guard bees can be found at the entrances of the hives which are then culled
from the program because of unacceptable temperament. We select drones and
queens from only gentle, workable colonies.
4. Tracheal Mite Resistance (graphic)
The mechanism of resistance against this mite is as yet
unknown, but it does clearly exist. Recent evidence suggests that grooming behavior as the mites migrate from one bee to another may be a means of control.
Fortunately this trait appears to be controlled by dominant gene(s) and
occurs widely in honey bees.
Thousands of bees are examined to determine which hives
show resistance. A test can also be done by placing newly hatched workers
from various hives among bees known to be infested, for about a week. (Bees
are only susceptible to mite infestation when they are very young, up to
ten days old). The bees are then dissected and mites in the trachea are
counted. Differences in attractiveness or susceptibility to mite infestation
5. Honey Production and Comb Building
Comparisons of honey production and comb building are made
of individual colonies in the same apiary and under the similar conditions.
High honey production results from the right number of healthy bees being
in the hive at the proper time. Factors enhancing health will likely increase
honey production. High honey production using disease resistant stock is
the ultimate goal of our breeding program
Inseminated Breeding Stock
Why use instrumentally inseminated queens
in a breeding program?
Honeybees are the only insect which can be instrumentally
inseminated, allowing bee breeders to have complete control over the mating
of the queens and drones.
Instrumental insemination allows two very powerful procedures
which are not possible with naturally mated queens.
- 1. Queens can be mated to a single drone, simplifying
selection for specific traits.
- 2. Queens can be mated to hundreds of drones, maintaining
Breeding for specific traits using single
- The multiple mating
habits of bees has always been an obstacle to progress in breeding
bees for specific traits.
- To simplify the selection process, queens can be instrumentally
inseminated to single drones.
- All 10 million sperm produced by a single drone are identical
- Queens mated to a single drone produce progeny with extreme
- Genetic consistency and genetic diversity are opposite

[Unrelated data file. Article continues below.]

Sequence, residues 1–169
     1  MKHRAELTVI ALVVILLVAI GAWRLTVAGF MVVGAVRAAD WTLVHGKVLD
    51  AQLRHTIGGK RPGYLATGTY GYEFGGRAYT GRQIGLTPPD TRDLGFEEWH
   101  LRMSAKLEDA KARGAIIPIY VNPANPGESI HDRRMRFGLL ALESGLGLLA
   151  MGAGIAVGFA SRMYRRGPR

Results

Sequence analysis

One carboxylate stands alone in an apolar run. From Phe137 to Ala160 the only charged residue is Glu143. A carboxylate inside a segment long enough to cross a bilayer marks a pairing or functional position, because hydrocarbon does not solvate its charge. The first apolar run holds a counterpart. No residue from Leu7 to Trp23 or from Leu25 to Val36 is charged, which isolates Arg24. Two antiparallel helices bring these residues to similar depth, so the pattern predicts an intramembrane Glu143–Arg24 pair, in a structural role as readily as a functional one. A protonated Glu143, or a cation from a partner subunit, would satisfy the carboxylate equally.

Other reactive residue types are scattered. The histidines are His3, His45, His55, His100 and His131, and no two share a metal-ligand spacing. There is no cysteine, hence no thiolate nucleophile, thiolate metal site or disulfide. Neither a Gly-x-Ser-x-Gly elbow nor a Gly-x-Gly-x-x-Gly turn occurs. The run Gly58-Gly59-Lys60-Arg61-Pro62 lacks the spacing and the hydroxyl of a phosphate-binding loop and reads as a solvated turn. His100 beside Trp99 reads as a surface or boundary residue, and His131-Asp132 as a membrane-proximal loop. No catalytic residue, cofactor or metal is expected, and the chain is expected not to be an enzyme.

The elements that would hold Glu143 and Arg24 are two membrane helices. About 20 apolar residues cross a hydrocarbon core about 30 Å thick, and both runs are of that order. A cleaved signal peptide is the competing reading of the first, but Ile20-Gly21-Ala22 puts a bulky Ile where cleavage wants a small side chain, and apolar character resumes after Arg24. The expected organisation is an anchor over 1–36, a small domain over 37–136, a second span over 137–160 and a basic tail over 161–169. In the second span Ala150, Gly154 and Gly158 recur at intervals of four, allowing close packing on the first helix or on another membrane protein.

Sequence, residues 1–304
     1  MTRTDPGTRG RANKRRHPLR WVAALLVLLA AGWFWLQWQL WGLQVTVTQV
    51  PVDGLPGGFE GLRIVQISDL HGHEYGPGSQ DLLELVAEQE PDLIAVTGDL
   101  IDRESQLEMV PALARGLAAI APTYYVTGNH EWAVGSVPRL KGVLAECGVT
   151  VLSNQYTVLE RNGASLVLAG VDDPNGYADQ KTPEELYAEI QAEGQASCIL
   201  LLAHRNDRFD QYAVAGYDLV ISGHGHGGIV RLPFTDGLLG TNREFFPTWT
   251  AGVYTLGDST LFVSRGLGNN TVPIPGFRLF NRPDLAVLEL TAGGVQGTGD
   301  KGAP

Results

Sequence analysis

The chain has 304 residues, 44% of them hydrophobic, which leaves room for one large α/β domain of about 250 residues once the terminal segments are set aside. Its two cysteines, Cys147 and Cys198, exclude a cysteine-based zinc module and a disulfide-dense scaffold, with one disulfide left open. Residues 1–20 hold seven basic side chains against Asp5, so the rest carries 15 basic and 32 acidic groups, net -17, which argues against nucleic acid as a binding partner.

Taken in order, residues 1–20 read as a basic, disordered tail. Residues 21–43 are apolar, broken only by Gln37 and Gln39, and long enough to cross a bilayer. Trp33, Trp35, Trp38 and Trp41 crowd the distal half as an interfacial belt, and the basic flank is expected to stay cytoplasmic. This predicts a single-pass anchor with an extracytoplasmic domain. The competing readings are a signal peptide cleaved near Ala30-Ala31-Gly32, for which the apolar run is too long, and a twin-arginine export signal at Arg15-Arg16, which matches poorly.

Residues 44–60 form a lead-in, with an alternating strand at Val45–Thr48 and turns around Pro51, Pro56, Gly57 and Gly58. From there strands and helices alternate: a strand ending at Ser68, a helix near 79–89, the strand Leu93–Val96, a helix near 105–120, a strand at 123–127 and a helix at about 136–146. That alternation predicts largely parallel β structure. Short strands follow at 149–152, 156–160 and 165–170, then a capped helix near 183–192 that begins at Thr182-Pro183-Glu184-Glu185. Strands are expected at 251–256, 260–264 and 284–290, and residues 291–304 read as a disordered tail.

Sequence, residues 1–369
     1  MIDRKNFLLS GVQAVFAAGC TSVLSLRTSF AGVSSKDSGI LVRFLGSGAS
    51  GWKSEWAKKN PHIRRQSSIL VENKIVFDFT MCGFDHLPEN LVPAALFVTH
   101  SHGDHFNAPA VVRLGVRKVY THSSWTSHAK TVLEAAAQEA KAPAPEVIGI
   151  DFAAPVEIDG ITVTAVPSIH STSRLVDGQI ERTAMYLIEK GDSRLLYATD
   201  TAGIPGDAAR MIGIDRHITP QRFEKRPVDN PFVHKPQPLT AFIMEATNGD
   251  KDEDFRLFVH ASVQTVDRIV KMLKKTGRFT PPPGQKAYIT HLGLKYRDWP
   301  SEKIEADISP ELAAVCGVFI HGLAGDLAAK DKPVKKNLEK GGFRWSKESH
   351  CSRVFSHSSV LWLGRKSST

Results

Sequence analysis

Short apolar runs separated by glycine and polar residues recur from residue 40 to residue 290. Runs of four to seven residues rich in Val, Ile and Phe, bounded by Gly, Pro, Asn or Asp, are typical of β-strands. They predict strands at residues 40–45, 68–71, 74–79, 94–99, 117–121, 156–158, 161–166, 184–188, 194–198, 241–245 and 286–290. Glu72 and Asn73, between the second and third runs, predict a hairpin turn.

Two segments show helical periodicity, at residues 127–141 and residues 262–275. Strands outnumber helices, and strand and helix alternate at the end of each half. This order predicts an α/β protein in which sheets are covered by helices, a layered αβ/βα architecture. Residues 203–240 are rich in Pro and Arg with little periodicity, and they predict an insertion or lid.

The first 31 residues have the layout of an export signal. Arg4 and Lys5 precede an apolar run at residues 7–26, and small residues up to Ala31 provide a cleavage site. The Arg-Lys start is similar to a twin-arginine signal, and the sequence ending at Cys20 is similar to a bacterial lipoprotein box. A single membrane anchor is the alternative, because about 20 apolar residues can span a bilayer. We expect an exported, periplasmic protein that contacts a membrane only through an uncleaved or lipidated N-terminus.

ends of a spectrum. One necessarily gives up diversity in trade for "fixing"
any trait in an individual, a colony, or a population.
- This genetic trade-off can be optimized using single
drone inseminations together with mating other queens with large numbers
of drones (supermated).
genetic diversity using supermated queens
- Naturally mated queens normally mate with from ten to
twenty drones on their nuptial flights.
- Oddly enough, the semen carried in a single drone is
more than enough to fill the queen's spermatheca, where sperm are stored
for the lifetime of the queen.
- The queen takes a great risk to gather so much extra
genetic diversity for her progeny, to the advantage of her colony.
- Recent findings suggest that bees of different patrilines
specialize in the various behaviors found in honeybee colonies.
- It is thought that the more genetic options, the more
behaviors will be optimized.
- Using instrumental insemination enables the breeder to
go one step beyond nature and inseminate the queen with hundreds of drones.
- Drones are chosen from colonies expressing desirable
traits such as disease resistance, high honey production and gentleness.
- Semen is extracted from hundreds of drones from many
colonies, mixed together, then used to inseminate many queens. We call
these queens "supermated".
- Supermated queens have very high brood viability due
to the high diversity of sex alleles,
which means more bees in their colonies.
- By maintaining a high degree of genetic diversity the
negative effects of inbreeding are avoided.
- Supermated queens contain many times the genetic diversity
of naturally mated queens. They are excellent as breeder queens in breeding
programs to prevent unintentional inbreeding.
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February 13, 2013